|Flight: UA 181Route: Guam (GUM) – Sendai (SDJ)
Class: Business (2-class cabin)
Distance: 1417 miles
Flying time: 4 hrs
Equipment: first B737-700 then B737-800This flight is part of an 8-segment itinerary booked on United 10 months earlier before the MileagePlus devaluation took effect. It cost us 100,000 miles plus $92 in taxes and fees. One United flight was involved even though I tried my best to avoid them. And for many good reasons, calling it business class is a misnomer because it’s barely a premium economy product. Here’s the report in pictures.
We showed up at the airport 2 hours before our 7:40 am departure even though we knew full well that the lounge was crappy and there was not much to do. A bunch of United flights to Japan depart early in the morning so there were long lines in economy, even with crowd managers assisting passengers. Hardly anyone at the business counter so checking in took just a few minutes. We got our boarding passes, dropped our luggage at TSA, went through security, and eventually settled in the United Club.
We’re flying on a B737-700 this morning. The aircraft was already at the gate and the sky looked a little cloudy but nothing threatening so an on time departure looked very likely. We were hoping to arrive by 11 so we could have an entire afternoon checking out Sendai. In the winter in northern Japan, it gets dark around 4.
The business class cabin has 4 rows, 16 seats in 2-2 arrangement. The seat is a wide recliner typical of regional business class seats but it looks old and unattractive. On the seat was a flimsy blanket, which used in both economy and business classes. It resembles a heavy shawl than what we usually think of as blanket material.
Through the dew-laden window, I could see our luggage being loaded on the right hand side of the aircraft.
Shanghai Airlines, a Star Alliance member, also flies from Pudong Airport (PVG) to Guam using a B737-700. Today is the first day that Jin Air switched to a B777-200 instead of their usual B737s bringing in Korean tourists from Seoul Incheon to Guam. It was the first ever B777 for this Korean Air subsidiary. The flight already departed at 3:20 in the morning but it’d have been interesting to see a wide-bodied aircraft at this airport, apart from a B777-200 United uses for Tokyo Narita on a certain days of the week.
There was no newspaper/magazine service on board. Before taking off, we were offered orange juice and water, which was served in plastic cups. Classy! No hot towel service either.
This part of the airport was pretty quiet at this time of day. What happened to all the people queuing up for their United flights to Japan? They must all have left. I could only see a few United B737s, a Delta B757 going to Tokyo Narita. Although Guam is a regional hub with many international flights, it feels provincial.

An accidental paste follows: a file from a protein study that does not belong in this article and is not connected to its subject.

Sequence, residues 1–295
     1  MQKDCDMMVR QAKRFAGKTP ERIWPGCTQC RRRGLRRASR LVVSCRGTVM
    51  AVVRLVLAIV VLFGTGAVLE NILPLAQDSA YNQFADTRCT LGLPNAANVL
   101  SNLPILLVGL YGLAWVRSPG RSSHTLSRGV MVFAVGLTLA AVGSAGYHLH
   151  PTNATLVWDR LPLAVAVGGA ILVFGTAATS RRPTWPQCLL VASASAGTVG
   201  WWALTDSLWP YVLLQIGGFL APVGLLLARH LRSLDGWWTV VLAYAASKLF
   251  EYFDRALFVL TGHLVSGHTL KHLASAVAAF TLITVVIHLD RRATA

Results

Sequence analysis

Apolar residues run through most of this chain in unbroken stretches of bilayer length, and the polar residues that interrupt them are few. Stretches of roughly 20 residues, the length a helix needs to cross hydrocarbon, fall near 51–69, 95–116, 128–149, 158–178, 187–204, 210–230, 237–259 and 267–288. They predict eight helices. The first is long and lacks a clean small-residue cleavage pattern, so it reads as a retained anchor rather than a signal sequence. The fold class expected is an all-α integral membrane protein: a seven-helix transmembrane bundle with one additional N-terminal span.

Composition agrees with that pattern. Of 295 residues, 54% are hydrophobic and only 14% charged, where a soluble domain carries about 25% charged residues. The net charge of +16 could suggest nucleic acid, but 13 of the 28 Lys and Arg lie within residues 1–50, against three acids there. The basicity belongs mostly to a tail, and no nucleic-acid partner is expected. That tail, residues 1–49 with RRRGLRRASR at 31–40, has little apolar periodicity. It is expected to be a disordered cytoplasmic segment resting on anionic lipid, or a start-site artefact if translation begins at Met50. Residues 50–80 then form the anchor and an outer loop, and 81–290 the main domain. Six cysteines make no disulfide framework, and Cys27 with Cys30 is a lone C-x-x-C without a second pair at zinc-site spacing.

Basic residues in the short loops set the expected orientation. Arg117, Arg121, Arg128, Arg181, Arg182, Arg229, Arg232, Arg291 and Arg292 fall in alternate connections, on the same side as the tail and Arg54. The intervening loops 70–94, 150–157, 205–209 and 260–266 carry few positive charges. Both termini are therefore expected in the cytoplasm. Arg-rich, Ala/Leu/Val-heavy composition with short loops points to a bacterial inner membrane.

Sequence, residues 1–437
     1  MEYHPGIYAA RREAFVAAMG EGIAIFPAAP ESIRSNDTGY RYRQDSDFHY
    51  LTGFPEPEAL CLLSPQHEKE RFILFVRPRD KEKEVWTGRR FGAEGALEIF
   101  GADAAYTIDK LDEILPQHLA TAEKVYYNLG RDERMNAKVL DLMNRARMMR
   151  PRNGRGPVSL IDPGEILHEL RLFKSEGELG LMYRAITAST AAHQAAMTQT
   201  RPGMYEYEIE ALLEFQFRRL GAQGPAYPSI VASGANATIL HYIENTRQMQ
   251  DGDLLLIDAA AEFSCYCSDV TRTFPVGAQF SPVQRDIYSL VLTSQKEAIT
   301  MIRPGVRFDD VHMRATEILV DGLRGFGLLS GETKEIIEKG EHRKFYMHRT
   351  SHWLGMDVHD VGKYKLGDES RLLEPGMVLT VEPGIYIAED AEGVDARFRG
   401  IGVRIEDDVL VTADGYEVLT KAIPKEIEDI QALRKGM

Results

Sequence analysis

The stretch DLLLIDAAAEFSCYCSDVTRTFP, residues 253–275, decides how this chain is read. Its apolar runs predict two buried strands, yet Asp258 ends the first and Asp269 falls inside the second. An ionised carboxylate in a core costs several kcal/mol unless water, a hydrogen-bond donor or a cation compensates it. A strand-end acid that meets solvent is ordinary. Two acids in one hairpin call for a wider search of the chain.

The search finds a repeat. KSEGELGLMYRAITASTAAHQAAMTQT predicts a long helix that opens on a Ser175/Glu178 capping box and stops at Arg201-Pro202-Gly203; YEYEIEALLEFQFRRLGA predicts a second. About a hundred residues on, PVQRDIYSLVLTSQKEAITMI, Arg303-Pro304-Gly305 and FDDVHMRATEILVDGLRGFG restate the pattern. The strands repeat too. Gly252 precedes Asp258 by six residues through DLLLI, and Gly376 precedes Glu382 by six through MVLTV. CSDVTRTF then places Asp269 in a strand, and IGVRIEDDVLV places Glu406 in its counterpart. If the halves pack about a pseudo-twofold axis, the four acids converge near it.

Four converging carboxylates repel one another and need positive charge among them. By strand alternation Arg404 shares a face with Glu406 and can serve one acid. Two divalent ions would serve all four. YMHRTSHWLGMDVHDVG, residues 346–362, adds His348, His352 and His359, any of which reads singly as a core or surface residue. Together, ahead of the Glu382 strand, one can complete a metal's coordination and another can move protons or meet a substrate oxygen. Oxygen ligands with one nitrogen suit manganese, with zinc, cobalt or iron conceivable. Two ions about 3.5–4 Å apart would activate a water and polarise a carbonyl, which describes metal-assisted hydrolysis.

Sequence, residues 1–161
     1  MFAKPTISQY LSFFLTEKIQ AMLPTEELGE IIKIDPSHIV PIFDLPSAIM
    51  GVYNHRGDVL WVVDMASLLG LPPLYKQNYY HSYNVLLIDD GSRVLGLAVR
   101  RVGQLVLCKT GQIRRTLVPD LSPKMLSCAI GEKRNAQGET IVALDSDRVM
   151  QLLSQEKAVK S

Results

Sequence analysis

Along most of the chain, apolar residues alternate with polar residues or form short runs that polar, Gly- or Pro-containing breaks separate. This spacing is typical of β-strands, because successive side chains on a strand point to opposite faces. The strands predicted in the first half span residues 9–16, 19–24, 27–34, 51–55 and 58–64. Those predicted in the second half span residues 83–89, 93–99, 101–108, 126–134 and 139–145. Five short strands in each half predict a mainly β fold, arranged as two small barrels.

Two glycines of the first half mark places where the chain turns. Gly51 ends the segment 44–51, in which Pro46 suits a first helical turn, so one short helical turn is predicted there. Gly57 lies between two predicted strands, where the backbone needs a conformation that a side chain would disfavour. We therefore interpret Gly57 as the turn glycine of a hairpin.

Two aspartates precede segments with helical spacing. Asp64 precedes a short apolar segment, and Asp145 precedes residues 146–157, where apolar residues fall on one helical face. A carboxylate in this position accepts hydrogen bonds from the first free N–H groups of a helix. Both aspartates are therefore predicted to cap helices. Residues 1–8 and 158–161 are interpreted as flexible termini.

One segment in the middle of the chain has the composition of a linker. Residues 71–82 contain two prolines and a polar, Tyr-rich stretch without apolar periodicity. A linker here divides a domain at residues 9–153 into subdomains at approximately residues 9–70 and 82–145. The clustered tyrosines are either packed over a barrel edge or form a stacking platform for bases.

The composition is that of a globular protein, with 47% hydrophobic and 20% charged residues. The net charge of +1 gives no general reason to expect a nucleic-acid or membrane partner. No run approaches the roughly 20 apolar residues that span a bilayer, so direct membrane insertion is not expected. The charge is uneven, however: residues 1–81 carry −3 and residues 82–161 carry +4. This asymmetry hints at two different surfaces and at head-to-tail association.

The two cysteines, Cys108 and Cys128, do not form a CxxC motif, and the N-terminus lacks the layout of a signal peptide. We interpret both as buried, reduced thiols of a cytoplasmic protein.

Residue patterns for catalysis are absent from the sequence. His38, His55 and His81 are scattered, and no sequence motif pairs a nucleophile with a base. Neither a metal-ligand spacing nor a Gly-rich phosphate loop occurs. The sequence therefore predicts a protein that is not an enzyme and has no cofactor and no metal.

As we took off, an airfield with 2 runways came into view. This must be part of the Andersen Air Force Base, which occupies a large area in the northeastern corner of the island.
We had a smooth take off but then a little turbulence caused the seat belt sign to remain on for a while. Finally after 20 minutes when we seemed to have reached cruising altitude, the captain came on the PA and started making an announcement. We thought it would be one of those routine ones, inviting us to sit back, relax, and enjoy the legendary United onboard service. Actually United never says that. And for practical reasons. Instead, the he started with, “Ladies and gentlemen, from the flight deck, this is your captain speaking, we’re having a disagreement … pause.” At this point, I started thinking, you meant you and the co-pilot can’t agree on what to have for breakfast? OK … but go on. “A disagreement between instruments and out of an abundance of precaution, we’re returning to Guam so the technicians can take a look.”
So he started to make a series of turns. No mentioning of fuel dumping so I guessed it would not be necessary. The flight was not full anyway. As we approached the airport, I could see the rugged interior of the island. Within 20 minutes of the initial announcement, we landed and taxied back to the gate. Two fire trucks and four emergency service vehicles followed us. Out of an abundance of precaution, I guess. He already alerted us to this procedure so nobody was startled. Kind of cool actually. There you have it. My first turn around. I guess if you fly enough, it’s going to happen to you.
Initial estimate of the time it’d take to fix the problem was half an hour. My partner was skeptical; I was hopeful because I wanted to believe that it was not a serious issue. We retreated to the United Club with an air of defeat. Going back to a lounge is usually not a good sign. I only had to do it a couple of times, mostly because I either missed my flight or it was delayed. Either way, once you say goodbye to the lounge dragons, that should be it. A rebound entrance, like in a relationship, is rarely a good thing.
From that time on, I got an email update from United about every hour pushing back the new departure time by one hour. I was getting hungry and bored. So I had to eat what was available in the lounge, which was not much. How come whenever you get delayed, you’ll end up in the crappiest lounge imaginable. When you’re in a swanky lounge with an abundance of food and drinks, your fights are always on time. Life’s really unfair. Anyway, I downed 1 cup of Nissin instant noodles plus a yoghurt and eventually fell asleep. I woke up when there was a boarding announcement for this stranded flight. The boarding was almost completed when we got to the gate. Here comes Part Deux.